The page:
Whose goals are served by bogus election claims? | #alaska | #politics

In bold type, the disclaimer printed at the bottom of Mayor Dave Bronson’s six-page manifesto declaring an investigation into April’s municipal election read: “Mayor Bronson and his administration are not questioning the results of the election.” The rest of the text, which details the inquiry itself, tells a different story.

Citing flimsy complaints made by affiliates of failed candidates, the mayor’s office announced a sweeping inquiry into the election’s results, making extensive demands for records and election-related communications from the clerk’s office. The mayor said his office will foot the bill for a third-party audit of the results — which means that Anchorage taxpayers will — despite the clerk’s office and the independent Anchorage Election Commission both reporting that “any mistakes made or other informalities are unintentional (and) fairly minor.”

It’s fair to seek confirmation that an election was fairly conducted and untainted by partisan politics. That’s why campaigns send observers to polling places. It’s why there are members of the Election Commission with varying backgrounds and experiences within the election system. Two members of that commission, for reference, are Mead Treadwell and Loren Leman, both Republican former lieutenant governors who oversaw Alaska’s Division of Elections infrastructure. Both were appointed by Bronson; neither has any incentive to understate election issues. And they affirmed that even the alleged and unsubstantiated complaints made by campaigns after the fact “are unlikely to change the outcomes of any of the candidate races or the issues on the ballot.”

So what’s going on? Why make a mountain out of what is obviously a molehill, if even that? Why is the mayor planning on farming out an audit to a yet-unidentified third party when that approach proved a debacle for Arizona when it embarked on a politicized recount of the state’s 2020 presidential election ballots? If the mayor’s office is looking for competent, qualified help, the municipality has an attorney’s office that is likely more qualified and familiar with Anchorage’s procedures than a Lower 48 contractor.

To leave no doubt, the security of the election process is paramount, and if there were any real, credible evidence it had been compromised, an investigation would be warranted. But there is no such evidence — the mayor’s inquiry is a fishing expedition, a means by which partisans and ideological allies can continue to cast doubt on elections where they underperformed. It is a partisan PR stunt, nothing more. The goal is not to restore faith in the clerk’s office and Anchorage’s elections, but to undermine them; it’s no coincidence that Bronson-allied observers subjected elections staff to “unprecedented harassment” during the counting of ballots in the 2021 mayoral race.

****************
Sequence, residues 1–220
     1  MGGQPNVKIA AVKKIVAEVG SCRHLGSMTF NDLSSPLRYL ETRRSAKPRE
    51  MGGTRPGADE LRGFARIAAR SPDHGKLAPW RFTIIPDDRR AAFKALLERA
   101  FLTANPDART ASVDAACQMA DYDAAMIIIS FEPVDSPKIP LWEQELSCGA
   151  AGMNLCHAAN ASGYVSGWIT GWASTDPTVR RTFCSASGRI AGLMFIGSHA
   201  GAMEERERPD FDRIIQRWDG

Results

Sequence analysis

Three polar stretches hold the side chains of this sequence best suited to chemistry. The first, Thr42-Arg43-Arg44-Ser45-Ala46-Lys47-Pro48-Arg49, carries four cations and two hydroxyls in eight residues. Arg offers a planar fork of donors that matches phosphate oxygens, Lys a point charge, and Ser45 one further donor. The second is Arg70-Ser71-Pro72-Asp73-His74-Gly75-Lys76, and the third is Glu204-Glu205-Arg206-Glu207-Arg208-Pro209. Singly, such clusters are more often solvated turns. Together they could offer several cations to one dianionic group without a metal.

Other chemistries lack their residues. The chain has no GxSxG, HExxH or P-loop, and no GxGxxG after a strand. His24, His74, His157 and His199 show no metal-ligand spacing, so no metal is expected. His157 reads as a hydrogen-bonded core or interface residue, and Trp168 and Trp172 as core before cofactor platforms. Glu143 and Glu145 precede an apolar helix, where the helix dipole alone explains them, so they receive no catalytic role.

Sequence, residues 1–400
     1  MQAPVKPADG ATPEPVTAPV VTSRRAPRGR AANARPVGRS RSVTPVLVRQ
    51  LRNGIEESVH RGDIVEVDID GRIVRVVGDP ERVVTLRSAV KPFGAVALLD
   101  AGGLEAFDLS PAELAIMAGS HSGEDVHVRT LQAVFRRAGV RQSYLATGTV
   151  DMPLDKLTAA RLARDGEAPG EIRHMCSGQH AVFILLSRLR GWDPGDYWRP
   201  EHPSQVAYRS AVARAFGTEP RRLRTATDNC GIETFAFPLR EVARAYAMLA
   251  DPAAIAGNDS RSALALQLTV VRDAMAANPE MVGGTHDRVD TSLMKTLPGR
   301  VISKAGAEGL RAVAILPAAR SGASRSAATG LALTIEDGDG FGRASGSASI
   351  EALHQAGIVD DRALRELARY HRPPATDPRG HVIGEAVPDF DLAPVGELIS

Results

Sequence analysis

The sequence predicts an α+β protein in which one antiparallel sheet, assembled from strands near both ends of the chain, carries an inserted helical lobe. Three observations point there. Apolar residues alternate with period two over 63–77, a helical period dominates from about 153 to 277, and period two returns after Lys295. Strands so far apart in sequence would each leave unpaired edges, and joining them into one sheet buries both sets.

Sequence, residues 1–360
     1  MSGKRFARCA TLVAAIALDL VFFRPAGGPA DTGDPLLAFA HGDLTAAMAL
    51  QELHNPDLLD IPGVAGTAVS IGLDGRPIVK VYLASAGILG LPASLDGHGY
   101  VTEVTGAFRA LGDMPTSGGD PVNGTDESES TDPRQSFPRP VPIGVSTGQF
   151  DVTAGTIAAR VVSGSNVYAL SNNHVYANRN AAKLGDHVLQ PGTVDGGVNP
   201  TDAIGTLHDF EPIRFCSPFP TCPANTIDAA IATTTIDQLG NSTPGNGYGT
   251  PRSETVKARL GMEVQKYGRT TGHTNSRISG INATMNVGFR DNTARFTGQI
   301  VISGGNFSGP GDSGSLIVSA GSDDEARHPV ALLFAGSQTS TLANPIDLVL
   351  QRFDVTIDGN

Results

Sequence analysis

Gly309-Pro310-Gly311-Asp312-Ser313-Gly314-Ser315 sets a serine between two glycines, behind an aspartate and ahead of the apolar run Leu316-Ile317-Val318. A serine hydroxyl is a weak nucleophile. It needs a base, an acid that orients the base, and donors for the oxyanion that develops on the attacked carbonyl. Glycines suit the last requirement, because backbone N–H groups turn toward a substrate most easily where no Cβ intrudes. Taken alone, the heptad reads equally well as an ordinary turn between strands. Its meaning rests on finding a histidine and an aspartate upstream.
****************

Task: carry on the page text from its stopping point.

Ultimately, as with many similar efforts claiming to support “election security” across the U.S., the true goal is to make it harder to vote. It’s an echo of past efforts, such as poll taxes and literacy tests, to restrict the pool of voters to those more likely to support those doing the restricting. That’s doubly shameful. First, it’s a betrayal of the one of the fundamental principles of American democracy — that everyone eligible to do so should have an equal say in selecting our representatives in government. And second, it’s clear that mail-in voting, which many of these proposals seek to cast doubt on or restrict, is a safe, secure and easy way to cast our votes. It’s also one that has increased voter turnout substantially in most of the elections since it has been put into place.

It’s the fact that mail-in voting works well that has put it in the crosshairs for those seeking to make voting more difficult. In addition to restricting mail-in voting directly, “election security” measures also include inordinately strict witness requirements, removing ballot drop boxes and shrinking the window for voters to cast ballots early. Taken together, they can substantially restrict the pool of voters — all in an attempt to gain partisan advantage. Anchorage shouldn’t be fooled; vote-by-mail is secure and greatly aids working voters whose ability to make it to a polling place on Election Day is limited. Those seeking to undermine our elections and make it more difficult to vote don’t deserve your support.

While none of government’s functions should be exempt from scrutiny and there’s always room for improvement, it’s clear via the checks, balances and reviews already in place that Anchorage’s elections are being conducted professionally and without serious errors. The mayor should cut bait on his fishing expedition and focus instead on our city’s real and pressing issues.

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